15. Robert E. Hall, 1997. "Macroeconomic Fluctuations and the Allocation of Time," NBER Working Papers 5933, National Bureau of Economic Research, Inc.
  16. Robert J. Gordon, 1986. "The American Business Cycle: Continuity and Change," NBER Books, National Bureau of Economic Research, Inc, number gord86-1, August.
  17. Long, John B, Jr & Plosser, Charles I, 1983. "Real Business Cycles," Journal of Political Economy, University of Chicago Press, vol. 91(1), pages 39-69, February.
  18. Michael Woodford, 1996. "Control of the Public Debt: A Requirement for Price Stability?," NBER Working Papers 5684, National Bureau of Economic Research, Inc.
  19. Lawrence J. Cristiano & Terry J. Fitzgerald, 1998. "The business cycle: it's still a puzzle," Economic Perspectives, Federal Reserve Bank of Chicago, issue Q IV, pages 56-83.
  20. Anderson, Gary & Moore, George, 1985. "A linear algebraic procedure for solving linear perfect foresight models," Economics Letters, Elsevier, vol. 17(3), pages 247-252.
Full references (including those not matched with items on IDEAS)

This item is not listed on Wikipedia, on a reading list or among the top items on IDEAS.

When requesting a correction, please mention this item's handle: RePEc:fip:fedlwp:2005-035. See general information about how to correct material in RePEc.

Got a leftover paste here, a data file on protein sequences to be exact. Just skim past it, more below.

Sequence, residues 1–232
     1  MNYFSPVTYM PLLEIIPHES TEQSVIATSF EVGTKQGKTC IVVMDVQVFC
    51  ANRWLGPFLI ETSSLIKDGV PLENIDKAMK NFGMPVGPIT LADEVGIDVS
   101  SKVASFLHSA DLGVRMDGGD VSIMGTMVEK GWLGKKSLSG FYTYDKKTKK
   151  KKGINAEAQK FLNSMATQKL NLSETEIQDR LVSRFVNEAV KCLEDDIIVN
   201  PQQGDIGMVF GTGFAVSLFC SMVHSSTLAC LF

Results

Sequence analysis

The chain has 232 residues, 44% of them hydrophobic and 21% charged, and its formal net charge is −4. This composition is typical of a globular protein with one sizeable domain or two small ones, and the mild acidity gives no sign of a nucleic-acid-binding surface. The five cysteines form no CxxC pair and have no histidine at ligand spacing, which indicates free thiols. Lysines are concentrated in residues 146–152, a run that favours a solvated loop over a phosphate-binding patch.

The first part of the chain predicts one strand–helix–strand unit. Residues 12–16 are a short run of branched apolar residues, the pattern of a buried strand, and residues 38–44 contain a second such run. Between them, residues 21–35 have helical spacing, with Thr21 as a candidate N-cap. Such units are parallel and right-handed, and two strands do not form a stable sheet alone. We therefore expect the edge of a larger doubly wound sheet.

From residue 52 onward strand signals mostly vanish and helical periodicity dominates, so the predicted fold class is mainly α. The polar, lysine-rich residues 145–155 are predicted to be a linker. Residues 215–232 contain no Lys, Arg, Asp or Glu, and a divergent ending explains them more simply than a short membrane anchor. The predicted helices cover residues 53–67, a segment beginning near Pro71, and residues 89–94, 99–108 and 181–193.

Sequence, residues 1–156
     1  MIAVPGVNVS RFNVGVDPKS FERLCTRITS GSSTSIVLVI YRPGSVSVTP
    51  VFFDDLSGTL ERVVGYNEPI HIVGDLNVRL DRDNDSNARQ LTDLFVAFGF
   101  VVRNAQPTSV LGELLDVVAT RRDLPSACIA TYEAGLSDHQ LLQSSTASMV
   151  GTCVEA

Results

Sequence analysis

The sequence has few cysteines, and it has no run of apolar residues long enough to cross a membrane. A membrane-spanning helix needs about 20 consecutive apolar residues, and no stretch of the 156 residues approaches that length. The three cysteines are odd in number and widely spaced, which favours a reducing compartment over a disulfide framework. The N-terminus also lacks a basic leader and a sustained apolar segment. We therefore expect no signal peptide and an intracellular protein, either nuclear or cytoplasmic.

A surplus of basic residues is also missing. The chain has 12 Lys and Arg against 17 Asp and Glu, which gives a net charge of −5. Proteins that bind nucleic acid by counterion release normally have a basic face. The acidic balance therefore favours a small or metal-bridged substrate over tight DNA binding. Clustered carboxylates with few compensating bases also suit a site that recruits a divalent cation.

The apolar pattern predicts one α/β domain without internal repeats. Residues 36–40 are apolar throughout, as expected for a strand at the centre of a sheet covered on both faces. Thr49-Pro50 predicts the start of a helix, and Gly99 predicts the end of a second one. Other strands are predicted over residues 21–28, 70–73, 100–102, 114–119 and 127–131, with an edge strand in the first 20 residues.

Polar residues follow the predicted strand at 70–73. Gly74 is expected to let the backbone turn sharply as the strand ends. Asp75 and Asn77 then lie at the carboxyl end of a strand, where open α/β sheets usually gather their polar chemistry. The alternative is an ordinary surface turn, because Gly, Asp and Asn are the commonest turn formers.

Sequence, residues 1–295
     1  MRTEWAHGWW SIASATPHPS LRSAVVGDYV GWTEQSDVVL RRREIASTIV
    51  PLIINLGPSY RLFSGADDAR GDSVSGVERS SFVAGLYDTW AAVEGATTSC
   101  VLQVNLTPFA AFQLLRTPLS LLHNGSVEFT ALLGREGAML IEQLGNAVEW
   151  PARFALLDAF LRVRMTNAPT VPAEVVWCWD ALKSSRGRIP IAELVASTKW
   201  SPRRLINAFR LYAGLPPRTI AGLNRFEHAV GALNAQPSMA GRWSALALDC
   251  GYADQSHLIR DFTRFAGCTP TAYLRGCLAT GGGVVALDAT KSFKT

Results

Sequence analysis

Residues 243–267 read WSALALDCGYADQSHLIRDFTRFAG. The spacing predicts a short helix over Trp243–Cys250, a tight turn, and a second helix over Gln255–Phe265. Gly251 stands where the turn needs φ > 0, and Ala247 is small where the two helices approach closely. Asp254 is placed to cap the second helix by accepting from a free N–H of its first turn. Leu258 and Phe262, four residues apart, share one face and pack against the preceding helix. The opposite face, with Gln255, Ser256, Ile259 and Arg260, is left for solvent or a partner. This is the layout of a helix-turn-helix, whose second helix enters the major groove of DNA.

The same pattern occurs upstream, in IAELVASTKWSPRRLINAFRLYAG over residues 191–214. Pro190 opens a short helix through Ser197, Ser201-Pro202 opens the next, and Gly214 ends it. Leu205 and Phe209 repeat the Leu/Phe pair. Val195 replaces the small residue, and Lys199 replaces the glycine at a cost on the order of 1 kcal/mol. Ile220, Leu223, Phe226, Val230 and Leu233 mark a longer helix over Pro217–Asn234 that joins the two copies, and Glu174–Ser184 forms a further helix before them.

For technical questions regarding this item, or to correct its authors, title, abstract, bibliographic or download information, contact: (Anna Xiao)

If you have authored this item and are not yet registered with RePEc, we encourage you to do it here. This allows to link your profile to this item. It also allows you to accept potential citations to this item that we are uncertain about.

If references are entirely missing, you can add them using this form.

If the full references list an item that is present in RePEc, but the system did not link to it, you can help with this form.

If you know of missing items citing this one, you can help us creating those links by adding the relevant references in the same way as above, for each refering item. If you are a registered author of this item, you may also want to check the "citations" tab in your profile, as there may be some citations waiting for confirmation.

Please note that corrections may take a couple of weeks to filter through the various RePEc services.

This information is provided to you by IDEAS at the Research Division of the Federal Reserve Bank of St. Louis using RePEc data.